FAMILY- Sayonara, sandlot: Pick-up games nowhere to be found

In recent years, the virtual disappearance of sandlot baseball– the informal, localized version of our national pastime– has come to symbolize the challenges facing the current generation of American youth.  

In charting the causes behind this trend, two schools of thought have emerged. According to some critics, the sandlot has no place in the life of today's hyper-organized, overcommitted, precociously ambitious child. Instead of the pick-up game, kids now compete on elite traveling teams, vying for a handful of college scholarships, and ultimately, a shot at the big leagues.    

On the other hand, there are those who blame the kids themselves. Seduced by computers, video games, and television, today's youth are allegedly inseparable from the air-conditioned, technological paradise that is the modern home.

There is, however, a much simpler explanation for the decline of sandlot baseball: the sandlots themselves have disappeared.

Armed with a dozen balls, a pair of worn gloves, and an aluminum bat, three of my friends and I– all graduate students at the University of Virginia– recently set out to play a weekend game of home-run derby in Charlottesville. Yet what began as a simple outing soon turned into a seemingly never-ending and near-futile search for a place to play America's game.

Driving first to two of the area's largest parks– McIntire and Darden Towe– we found the fields monopolized by squads of adult soft-ballers. It appeared that the sandlot players of yesteryear, too, had given into the organizational impulse driving modern sport, dispensing with informal play in favor of league competition. Discouraged but heartened by the knowledge that we remained true to a purer form of the game, we continued on our journey.

We found a groundskeeper busily at work on Charlottesville High School's baseball diamond, and we would have quickly driven our limited cache of balls into the woods behind the softball field, where only 240 feet separate home plate and the outfield fence. 

Growing increasingly cranky on a scorching hot, viciously humid Saturday afternoon, we drove towards the University of Virginia, reasoning that use of the athletic facilities might be one of the few perks that come with being a graduate student. Much to our chagrin, we found those perfectly manicured parks overrun by legions of adolescent soccer players participating in the University's four-day-long "Soccer Camp of Champions." According to the program's website, the camp offers an "intensive, accelerated program" that comes "highly recommended to players considering a college soccer career." As evidenced by the age range at the camp, such considerations now apparently become relevant as early as age 10.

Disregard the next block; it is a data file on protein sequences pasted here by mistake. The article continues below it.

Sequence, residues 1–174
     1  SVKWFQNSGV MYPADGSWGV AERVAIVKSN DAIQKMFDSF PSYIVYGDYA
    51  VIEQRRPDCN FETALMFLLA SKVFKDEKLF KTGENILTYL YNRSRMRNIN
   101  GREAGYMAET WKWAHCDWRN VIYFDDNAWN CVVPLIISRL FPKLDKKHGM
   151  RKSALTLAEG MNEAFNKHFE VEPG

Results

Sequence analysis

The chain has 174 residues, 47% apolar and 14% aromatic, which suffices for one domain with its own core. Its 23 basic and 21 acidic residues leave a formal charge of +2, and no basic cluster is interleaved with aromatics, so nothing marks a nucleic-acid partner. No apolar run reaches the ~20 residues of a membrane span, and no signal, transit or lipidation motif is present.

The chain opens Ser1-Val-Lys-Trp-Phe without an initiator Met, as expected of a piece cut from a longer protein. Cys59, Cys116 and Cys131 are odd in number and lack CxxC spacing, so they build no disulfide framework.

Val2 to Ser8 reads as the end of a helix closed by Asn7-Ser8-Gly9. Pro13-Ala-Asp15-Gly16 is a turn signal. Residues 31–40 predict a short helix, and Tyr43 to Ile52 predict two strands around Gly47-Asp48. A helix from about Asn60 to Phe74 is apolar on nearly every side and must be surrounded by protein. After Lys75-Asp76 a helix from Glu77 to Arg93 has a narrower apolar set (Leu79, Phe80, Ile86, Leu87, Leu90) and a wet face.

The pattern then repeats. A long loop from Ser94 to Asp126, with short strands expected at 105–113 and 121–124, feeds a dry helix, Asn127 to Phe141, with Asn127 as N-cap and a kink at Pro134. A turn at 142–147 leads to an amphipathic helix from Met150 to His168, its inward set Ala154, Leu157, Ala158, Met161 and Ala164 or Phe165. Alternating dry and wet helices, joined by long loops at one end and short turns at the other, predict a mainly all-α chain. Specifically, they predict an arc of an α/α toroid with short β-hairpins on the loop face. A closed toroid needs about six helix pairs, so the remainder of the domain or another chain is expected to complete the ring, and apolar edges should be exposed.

Here, then, were the makings of a climactic showdown, a battle that would feature the great dilemmas of youth and sport in microcosm: a quartet of wannabe Hank Aarons– the sandlot gang of the last generation– versus today's over-scheduled, hyper-competitive youth; the quintessentially American sport versus that foreign interloper, soccer; the studied amateurism of the pick-up game versus the pre-professionalism of the summer development camp.

In the end, it was not much of a fight. Finding an open diamond, we had not yet reached home plate before camp officials dispatched one of their minions in a motorized utility cart to shoo us away.  The soccer players, it seemed, would soon require the use of that field as well.  Faced with the prospect of defying several hundred cleat-clad boys and their adult coaches, we skulked back to the car.

Our spirits ebbing, we drove back to our apartment, but then Scott—the original instigator of our ill-fated outing, and perhaps the greatest power hitter to ever inhabit our apartment—insisted that we drive to the nearby county high school. Miraculously, the lush varsity field was unoccupied, albeit surrounded by a high chain-link fence. At that point, however, crawling through the dust under a locked gate seemed like a trivial obstacle. We had found our sandlot.

Still, this is hardly a story of triumph. It had taken us over an hour to find our field of dreams.  Our quest had required patience, fortitude, and a willingness to grovel in the dirt– not to mention a car.  No wonder kids these days join traveling teams, or else stay at home. For children without a formal league, team, or camp, the sandlot is now off limits. At least the "organization kids," as one journalist has labeled the current generation of young people, are guaranteed a place to play. 

Christopher Loomis is a Ph.D. candidate in history at the University of Virginia.#